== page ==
When you contact the police, an officer will investigate to determine the information that will be included in their report. They may also issue a citation to the negligent driver, and this ticket could be used to help prove that motorist’s negligence in your injury case. However, it’s important to remember that the police do not have final say on civil liability for a crash.

Should I Contact a Lawyer After a Minor Car Accident?

If you or your loved one were hurt in a car accident caused by another person’s negligence in Texas, do not assume that the crash was not severe enough to require legal representation. Even seemingly minor collisions can lead to serious and lasting injuries. The statute of limitations to file an injury claim in Texas is two years from the date of the injury, and if you do not take action in time, you could be forced to pay out of pocket for expenses you incur.

Fleming Law car wreck lawyers represent clients on a contingency fee basis, so you will not pay anything unless and until you receive a monetary award. Call us or contact us online for an honest and thorough evaluation of your case during a free consultation.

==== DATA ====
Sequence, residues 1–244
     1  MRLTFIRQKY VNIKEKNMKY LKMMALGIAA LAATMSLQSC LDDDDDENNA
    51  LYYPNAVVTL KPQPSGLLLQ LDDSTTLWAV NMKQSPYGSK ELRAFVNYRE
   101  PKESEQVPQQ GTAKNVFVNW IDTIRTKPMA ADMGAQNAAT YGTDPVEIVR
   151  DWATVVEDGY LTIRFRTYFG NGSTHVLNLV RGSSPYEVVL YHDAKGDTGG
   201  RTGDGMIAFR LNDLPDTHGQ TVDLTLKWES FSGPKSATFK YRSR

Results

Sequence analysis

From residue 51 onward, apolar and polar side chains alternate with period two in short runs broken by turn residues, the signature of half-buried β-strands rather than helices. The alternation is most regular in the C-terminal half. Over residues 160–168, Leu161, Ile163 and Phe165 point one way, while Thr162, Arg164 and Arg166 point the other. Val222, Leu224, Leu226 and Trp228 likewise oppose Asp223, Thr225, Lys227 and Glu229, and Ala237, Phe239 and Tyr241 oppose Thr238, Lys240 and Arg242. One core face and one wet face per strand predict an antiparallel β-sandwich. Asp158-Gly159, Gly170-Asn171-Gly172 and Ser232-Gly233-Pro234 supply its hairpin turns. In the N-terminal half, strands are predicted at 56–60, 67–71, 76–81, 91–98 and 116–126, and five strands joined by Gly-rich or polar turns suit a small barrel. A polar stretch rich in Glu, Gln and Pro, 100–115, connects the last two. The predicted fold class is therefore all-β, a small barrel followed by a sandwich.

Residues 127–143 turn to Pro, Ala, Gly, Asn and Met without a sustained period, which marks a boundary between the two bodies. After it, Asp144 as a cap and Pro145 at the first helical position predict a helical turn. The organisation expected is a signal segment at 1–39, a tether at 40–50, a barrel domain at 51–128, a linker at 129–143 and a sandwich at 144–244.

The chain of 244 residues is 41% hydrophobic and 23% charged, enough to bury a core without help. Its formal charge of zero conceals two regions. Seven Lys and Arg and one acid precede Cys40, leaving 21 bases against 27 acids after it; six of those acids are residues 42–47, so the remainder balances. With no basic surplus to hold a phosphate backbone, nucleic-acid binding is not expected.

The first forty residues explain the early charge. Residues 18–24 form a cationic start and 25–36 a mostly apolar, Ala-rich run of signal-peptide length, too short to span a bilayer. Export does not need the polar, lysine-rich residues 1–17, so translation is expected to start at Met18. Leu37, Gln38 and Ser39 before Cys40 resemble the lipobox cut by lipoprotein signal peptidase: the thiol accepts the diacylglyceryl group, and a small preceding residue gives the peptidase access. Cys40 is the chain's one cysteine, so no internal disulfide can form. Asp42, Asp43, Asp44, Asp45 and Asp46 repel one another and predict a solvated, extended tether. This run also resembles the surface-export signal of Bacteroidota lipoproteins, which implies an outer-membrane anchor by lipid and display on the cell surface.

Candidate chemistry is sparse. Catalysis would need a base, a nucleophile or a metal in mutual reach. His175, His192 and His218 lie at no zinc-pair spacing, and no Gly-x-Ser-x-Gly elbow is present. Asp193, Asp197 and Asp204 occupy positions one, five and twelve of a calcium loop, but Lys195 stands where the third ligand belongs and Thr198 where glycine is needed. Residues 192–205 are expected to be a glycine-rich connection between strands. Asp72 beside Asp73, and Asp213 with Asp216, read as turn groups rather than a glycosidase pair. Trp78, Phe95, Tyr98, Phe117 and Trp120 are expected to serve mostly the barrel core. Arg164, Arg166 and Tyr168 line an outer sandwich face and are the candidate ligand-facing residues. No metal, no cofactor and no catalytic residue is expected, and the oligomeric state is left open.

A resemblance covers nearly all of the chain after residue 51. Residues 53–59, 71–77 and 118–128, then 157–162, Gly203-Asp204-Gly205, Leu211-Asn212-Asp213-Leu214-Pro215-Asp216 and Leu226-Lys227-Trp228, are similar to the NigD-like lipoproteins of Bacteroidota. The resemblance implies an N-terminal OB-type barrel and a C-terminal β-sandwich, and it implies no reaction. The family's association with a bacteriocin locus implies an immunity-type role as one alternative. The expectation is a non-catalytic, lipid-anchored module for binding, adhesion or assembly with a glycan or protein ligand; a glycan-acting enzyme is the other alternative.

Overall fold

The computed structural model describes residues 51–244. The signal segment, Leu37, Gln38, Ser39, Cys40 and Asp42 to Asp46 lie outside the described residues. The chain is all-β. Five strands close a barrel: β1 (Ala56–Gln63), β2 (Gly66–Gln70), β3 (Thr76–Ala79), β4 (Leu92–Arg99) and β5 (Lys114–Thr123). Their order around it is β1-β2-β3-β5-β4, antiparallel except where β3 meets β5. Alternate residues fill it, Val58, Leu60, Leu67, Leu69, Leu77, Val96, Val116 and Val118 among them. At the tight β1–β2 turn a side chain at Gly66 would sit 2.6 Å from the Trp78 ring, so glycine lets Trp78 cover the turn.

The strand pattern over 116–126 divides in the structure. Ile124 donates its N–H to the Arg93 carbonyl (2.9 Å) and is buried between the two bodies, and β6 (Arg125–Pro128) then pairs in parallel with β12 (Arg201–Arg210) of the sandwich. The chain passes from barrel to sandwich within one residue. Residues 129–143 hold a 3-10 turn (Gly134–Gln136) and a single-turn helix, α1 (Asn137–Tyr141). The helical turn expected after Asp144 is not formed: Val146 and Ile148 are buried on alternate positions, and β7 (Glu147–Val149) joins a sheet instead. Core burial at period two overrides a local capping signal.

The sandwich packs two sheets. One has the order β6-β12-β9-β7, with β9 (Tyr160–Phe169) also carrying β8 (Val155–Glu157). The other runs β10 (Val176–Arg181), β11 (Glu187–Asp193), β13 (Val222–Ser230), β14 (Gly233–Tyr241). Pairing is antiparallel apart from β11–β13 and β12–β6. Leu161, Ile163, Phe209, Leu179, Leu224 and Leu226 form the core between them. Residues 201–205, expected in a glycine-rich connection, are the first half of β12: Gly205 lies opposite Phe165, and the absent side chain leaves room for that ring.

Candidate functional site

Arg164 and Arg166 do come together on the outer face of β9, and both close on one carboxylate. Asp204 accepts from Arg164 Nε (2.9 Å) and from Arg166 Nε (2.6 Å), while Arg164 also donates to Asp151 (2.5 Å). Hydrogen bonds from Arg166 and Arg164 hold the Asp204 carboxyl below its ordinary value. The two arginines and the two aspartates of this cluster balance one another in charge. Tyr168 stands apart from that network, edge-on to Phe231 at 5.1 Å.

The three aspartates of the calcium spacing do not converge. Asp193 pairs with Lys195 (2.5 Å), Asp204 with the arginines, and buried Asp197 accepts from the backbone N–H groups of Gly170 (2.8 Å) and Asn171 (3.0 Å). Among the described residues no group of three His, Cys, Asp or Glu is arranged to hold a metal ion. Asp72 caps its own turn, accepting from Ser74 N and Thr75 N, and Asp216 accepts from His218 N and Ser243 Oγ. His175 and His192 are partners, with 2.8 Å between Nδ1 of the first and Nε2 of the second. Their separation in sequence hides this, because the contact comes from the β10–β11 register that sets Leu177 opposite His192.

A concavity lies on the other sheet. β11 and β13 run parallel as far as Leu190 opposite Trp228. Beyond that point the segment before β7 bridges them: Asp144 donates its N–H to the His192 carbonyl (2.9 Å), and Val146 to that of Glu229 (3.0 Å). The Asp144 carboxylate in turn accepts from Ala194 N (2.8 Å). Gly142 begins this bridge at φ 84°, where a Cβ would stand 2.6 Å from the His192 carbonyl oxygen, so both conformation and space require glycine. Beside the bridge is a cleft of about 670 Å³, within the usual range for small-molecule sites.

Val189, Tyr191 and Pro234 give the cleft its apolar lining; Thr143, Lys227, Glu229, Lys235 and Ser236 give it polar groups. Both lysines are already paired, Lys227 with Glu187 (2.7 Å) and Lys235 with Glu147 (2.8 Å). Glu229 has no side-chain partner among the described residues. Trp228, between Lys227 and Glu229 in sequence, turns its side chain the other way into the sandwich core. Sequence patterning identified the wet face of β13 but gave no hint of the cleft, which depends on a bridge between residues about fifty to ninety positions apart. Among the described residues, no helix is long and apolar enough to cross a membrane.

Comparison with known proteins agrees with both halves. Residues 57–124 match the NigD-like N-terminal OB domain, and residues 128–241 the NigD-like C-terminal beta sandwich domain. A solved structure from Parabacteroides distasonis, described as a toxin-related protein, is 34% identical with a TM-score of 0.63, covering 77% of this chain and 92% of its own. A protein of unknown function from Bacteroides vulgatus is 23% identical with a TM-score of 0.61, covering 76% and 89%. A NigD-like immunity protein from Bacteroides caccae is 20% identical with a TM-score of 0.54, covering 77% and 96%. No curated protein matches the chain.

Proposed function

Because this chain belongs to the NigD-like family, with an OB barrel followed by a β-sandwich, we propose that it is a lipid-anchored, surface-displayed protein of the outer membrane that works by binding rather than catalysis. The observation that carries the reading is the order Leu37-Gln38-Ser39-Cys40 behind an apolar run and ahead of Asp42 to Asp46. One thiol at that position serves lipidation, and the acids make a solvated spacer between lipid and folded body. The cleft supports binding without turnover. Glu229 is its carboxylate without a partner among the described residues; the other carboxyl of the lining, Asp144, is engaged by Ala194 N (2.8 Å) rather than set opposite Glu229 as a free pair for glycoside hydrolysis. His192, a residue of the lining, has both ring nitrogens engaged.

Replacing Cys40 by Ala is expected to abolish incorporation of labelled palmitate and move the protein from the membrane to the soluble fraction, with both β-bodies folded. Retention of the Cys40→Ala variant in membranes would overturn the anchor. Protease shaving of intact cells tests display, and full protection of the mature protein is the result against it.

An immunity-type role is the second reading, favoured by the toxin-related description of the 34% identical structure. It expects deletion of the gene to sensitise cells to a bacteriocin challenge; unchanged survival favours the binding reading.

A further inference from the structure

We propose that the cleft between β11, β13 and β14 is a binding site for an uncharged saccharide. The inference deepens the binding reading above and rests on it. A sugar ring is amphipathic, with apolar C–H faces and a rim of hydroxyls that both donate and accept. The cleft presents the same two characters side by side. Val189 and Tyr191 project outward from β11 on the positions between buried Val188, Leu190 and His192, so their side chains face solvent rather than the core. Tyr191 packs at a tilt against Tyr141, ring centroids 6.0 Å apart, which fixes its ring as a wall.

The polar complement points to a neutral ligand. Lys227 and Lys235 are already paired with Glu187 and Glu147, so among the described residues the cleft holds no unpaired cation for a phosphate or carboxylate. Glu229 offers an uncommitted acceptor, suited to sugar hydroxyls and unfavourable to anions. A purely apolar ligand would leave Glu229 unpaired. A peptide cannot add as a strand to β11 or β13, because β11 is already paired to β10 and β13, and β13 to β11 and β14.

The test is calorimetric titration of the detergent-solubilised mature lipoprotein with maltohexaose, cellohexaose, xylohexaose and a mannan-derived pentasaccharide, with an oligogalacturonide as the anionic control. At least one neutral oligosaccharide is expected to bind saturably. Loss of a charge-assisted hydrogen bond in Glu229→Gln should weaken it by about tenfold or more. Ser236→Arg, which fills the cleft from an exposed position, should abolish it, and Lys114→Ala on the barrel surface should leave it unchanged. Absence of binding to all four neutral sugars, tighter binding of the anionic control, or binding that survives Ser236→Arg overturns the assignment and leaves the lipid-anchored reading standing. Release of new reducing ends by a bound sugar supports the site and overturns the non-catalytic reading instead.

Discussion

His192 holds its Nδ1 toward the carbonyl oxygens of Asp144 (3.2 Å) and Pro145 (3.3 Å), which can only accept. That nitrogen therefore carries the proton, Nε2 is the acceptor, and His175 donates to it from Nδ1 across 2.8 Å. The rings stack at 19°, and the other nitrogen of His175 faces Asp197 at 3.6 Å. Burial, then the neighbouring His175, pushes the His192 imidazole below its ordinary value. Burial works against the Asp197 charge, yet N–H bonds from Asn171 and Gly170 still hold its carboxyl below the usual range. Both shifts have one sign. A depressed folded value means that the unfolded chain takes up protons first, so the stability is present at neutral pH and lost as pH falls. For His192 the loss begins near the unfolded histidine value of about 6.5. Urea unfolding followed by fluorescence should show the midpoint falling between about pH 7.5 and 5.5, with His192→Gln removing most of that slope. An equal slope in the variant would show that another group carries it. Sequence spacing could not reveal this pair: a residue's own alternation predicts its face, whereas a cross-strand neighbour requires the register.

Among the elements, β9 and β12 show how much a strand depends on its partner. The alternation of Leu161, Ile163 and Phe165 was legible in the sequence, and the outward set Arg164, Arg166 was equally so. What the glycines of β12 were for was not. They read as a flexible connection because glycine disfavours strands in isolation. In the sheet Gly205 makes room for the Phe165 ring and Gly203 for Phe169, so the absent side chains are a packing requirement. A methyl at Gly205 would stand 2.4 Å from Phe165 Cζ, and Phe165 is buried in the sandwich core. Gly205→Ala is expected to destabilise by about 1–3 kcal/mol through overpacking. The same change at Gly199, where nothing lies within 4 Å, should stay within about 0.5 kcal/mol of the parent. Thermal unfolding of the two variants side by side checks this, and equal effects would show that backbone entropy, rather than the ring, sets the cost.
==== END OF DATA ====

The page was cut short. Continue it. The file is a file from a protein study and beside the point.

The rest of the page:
Brendan Fleming - attorney

Brendan received his JD from South Texas College of Law and his MBA from Baylor University. He then began his legal career as in-house counsel for a publicly-traded company, advising on matters such as mergers and acquisitions, securities, compliance, and general corporate transactions. He then worked at a national law firm in which he represented commercial banks, private equity firms, and business owners in complex transactions before joining Fleming Law, Brendan uses his considerable knowledge of business-related matters by working on cases involving business law, real estate law, and contracts. Connect with me on LinkedIn